Samsung's phone lineup is impressive and spans across multiple price points, with varying capabilities. But with such a broad range of phones available, how do you decide which device is for you?
For example, is there a big difference between the $350 Galaxy A50 and the $1,399 Galaxy S20? (Spoiler alert: Yes.) But what about the A50 versus the S10? Well, that's a tough decision, especially after recent price reductions.
So here's a closer look at some of the top phones in Samsung's lineup to help you pick the right one for you.
Samsung Galaxy A50
We reviewed the Galaxy A50 in late 2019 and found it to be an inexpensive, yet fully capable phone. With a starting price of $349, the A50 checks a lot of the same boxes that Samsung's higher-end smartphones do.
For starters, it has a 6.4-inch full HD Super AMOLED display that's just as bright, clear and colorful as any of Samsung's other phones. It even uses an in-screen fingerprint sensor, just like the Galaxy S10 and S20, to unlock the phone, sign in to banking apps, or use Samsung Pay.
Of course, there are some concessions with a phone that's only a quarter of the price of Samsung's high-end phones — namely, performance. Our testing showed that the phone could be sluggish or stutter when multitasking, but it wasn't enough to deter us from recommending it.
The A50 is a terrific phone for someone who doesn't want to spend a lot, but still wants a phone that looks, feels and works like Samsung's latest. Make sure to read our complete review if you're still on the fence about whether or not the A50 is right for you.
Samsung Galaxy S10
When Samsung announced the Galaxy S20, the company also announced a price drop for the entire Galaxy S10 line, the previous generation of Galaxy phones.
The Galaxy S10 line was originally announced in March 2019, and despite being a year old, all three phones are still fast, have stellar cameras, and live up to everything we said in our Galaxy S10+ review shortly after their release.
The Galaxy S10e is the entry-level model. It uses different display tech and has a fingerprint sensor embedded in the power button, but keeps the impressive camera setup the S10 line is known for.
The S10 line is essentially a 5G-less version of the Galaxy S20, without the fancy camera zoom. And there's nothing wrong with that, at all. If you want to know how each model stacks up when compared to OnePlus or Apple, we have a buying guide that walks you through it all.
Samsung Galaxy Note 10
Samsung's Galaxy Note line has traditionally been geared toward business users and power users who want their phones to do anything and everything. But for the first time, Samsung released two different Note 10 models back in August, with one geared toward those who wanted a smartphone with a stylus, and one for those power users.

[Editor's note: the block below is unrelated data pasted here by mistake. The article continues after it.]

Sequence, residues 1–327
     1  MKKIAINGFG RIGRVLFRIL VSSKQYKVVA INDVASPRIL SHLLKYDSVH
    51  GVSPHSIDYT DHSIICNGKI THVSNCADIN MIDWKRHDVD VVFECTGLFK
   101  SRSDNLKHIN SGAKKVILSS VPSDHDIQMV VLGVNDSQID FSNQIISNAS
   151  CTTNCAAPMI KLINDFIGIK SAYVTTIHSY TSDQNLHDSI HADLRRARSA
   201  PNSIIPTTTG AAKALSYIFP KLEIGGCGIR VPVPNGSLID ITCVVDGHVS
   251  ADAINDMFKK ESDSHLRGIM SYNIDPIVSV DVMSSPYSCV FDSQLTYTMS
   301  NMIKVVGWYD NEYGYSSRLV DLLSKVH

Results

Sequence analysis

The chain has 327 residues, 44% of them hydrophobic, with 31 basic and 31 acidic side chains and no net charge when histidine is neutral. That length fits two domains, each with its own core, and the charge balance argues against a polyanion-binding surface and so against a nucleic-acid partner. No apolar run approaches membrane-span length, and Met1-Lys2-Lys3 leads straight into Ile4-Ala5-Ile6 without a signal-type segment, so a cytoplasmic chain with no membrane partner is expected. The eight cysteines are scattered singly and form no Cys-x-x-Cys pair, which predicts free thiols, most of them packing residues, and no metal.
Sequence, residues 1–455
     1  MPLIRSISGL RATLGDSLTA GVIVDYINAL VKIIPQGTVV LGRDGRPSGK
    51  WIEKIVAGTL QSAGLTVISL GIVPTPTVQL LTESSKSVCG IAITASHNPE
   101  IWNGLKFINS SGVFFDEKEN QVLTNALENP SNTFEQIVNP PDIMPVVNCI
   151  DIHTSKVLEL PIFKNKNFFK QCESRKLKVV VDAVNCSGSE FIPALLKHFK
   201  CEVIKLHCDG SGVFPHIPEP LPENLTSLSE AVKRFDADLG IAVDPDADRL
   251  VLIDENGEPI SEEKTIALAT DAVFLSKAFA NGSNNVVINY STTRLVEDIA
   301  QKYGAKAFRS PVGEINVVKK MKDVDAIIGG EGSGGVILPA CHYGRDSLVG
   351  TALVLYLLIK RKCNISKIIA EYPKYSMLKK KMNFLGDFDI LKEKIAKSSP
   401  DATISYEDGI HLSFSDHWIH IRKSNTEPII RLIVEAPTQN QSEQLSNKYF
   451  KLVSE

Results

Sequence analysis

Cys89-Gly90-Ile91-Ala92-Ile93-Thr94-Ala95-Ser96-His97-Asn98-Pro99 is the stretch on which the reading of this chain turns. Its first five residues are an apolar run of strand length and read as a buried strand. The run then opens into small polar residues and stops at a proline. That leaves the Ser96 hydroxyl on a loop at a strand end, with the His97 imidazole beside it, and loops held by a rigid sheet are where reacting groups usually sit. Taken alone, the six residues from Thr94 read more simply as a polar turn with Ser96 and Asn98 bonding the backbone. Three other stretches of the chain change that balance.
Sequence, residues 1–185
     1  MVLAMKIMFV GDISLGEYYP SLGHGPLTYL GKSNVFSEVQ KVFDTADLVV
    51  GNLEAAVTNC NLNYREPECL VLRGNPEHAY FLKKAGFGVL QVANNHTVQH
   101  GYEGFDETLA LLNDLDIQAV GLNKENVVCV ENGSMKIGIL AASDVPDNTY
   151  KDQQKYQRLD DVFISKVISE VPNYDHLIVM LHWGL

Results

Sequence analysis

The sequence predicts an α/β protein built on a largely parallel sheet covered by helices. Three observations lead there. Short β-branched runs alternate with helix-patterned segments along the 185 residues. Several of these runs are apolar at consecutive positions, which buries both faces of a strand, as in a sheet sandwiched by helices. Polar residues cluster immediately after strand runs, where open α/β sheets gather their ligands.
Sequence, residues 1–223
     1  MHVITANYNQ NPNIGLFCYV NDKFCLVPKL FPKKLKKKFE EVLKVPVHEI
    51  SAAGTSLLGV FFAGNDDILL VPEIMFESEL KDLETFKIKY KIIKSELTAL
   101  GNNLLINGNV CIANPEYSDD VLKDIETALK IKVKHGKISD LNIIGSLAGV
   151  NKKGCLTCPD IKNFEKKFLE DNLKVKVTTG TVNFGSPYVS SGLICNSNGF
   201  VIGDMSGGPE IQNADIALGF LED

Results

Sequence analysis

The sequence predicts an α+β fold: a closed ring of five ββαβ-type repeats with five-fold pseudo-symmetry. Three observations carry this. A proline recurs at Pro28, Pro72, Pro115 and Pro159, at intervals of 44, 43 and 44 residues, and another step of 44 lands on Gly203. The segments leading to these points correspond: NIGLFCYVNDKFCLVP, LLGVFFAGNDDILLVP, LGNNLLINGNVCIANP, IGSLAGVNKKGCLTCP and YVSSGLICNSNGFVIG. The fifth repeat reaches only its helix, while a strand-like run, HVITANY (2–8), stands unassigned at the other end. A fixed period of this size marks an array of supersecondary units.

Both models support Samsung's S Pen stylus, but the standard Note 10 has a smaller display at 6.3 inches, compared to 6.8 inches for the 10+, and lacks expandable storage.
The Note 10 and Note 10+ have 256GB of storage, and 8GB or 12GB of memory, respectively. The Note 10 has a 3,500-mAh battery, while the Note10+ has a 4,300-mAh battery. Either one should be good enough to get through a full day.
On the back of the phone is a 16MP ultrawide camera, a 12MP wide-angle camera, and a 12MP telephoto camera. The Note 10+ has an additional depth vision camera for 3D object scanning and to improve overall picture quality for camera modes like live focus.
True to its predecessors, the Note 10 continues to be a phone for those who expect a little more out of their devices than the average user. The addition of the S Pen means you can jot notes during a meeting, or use it as a remote to control your camera, presentations or music playback from across the room.
Samsung Galaxy S20
The Galaxy S20, S20+, and S20 Ultra are some of Samsung's most expensive and most capable phones. All three models have revamped cameras, 5G connectivity and a new design. The starting price for the S20 is $999, the Galaxy S20+ is $1,199, and the S20 Ultra is $1,399.
The main differences between the three models come down to screen size, camera features and 5G capabilities. The S20 has a display that measures 6.2 inches, the S20+ display is 6.7 inches, and the S20 Ultra's screen measures 6.9 inches.
The camera setup on all three models is impressive, with 10x hybrid optical zoom (a feature all phones should have), and up to 100x zoom on the Ultra. The S20 and S20+ have up to 30x zoom, but whether it's 100x or 30x, it's not a very useful feature. Photos taken at that zoom level are blurry and pixelated.
When it comes to 5G support, all three S20 models have it, but the standard S20 is not created equal. The short version is that the S20 only supports one 5G connectivity standard, and it's the slower of the two standards. The S20+ and Ultra support both standards, future-proofing your investment.
The S20 line is ideal for someone who is overdue for an upgrade and doesn't mind spending more for a phone.
A word about Samsung's foldables
Foldable phones are shiny, new and very appealing, but they're also not for everyone. These phones are prohibitively priced, so only early adopters or the extremely curious will buy them.
For example, the Galaxy Fold is part phone, part tablet, depending on whether or not you fold it open, but it's also priced at $1,980.
The Galaxy Z Flip is a little bit more reasonably priced at $1,380 and full of nostalgia. However, at the end of the day, you're paying a lot for a phone that, internally at least, is on par with the Galaxy S10 line.
We aren't telling you not to purchase a foldable phone — they're a ton of fun and surely a glimpse into the future of smartphones — but they're a significant investment in early technology. Proceed with caution, if you go this route.
Note: The prices above reflect the retailer's listed prices at the time of publication.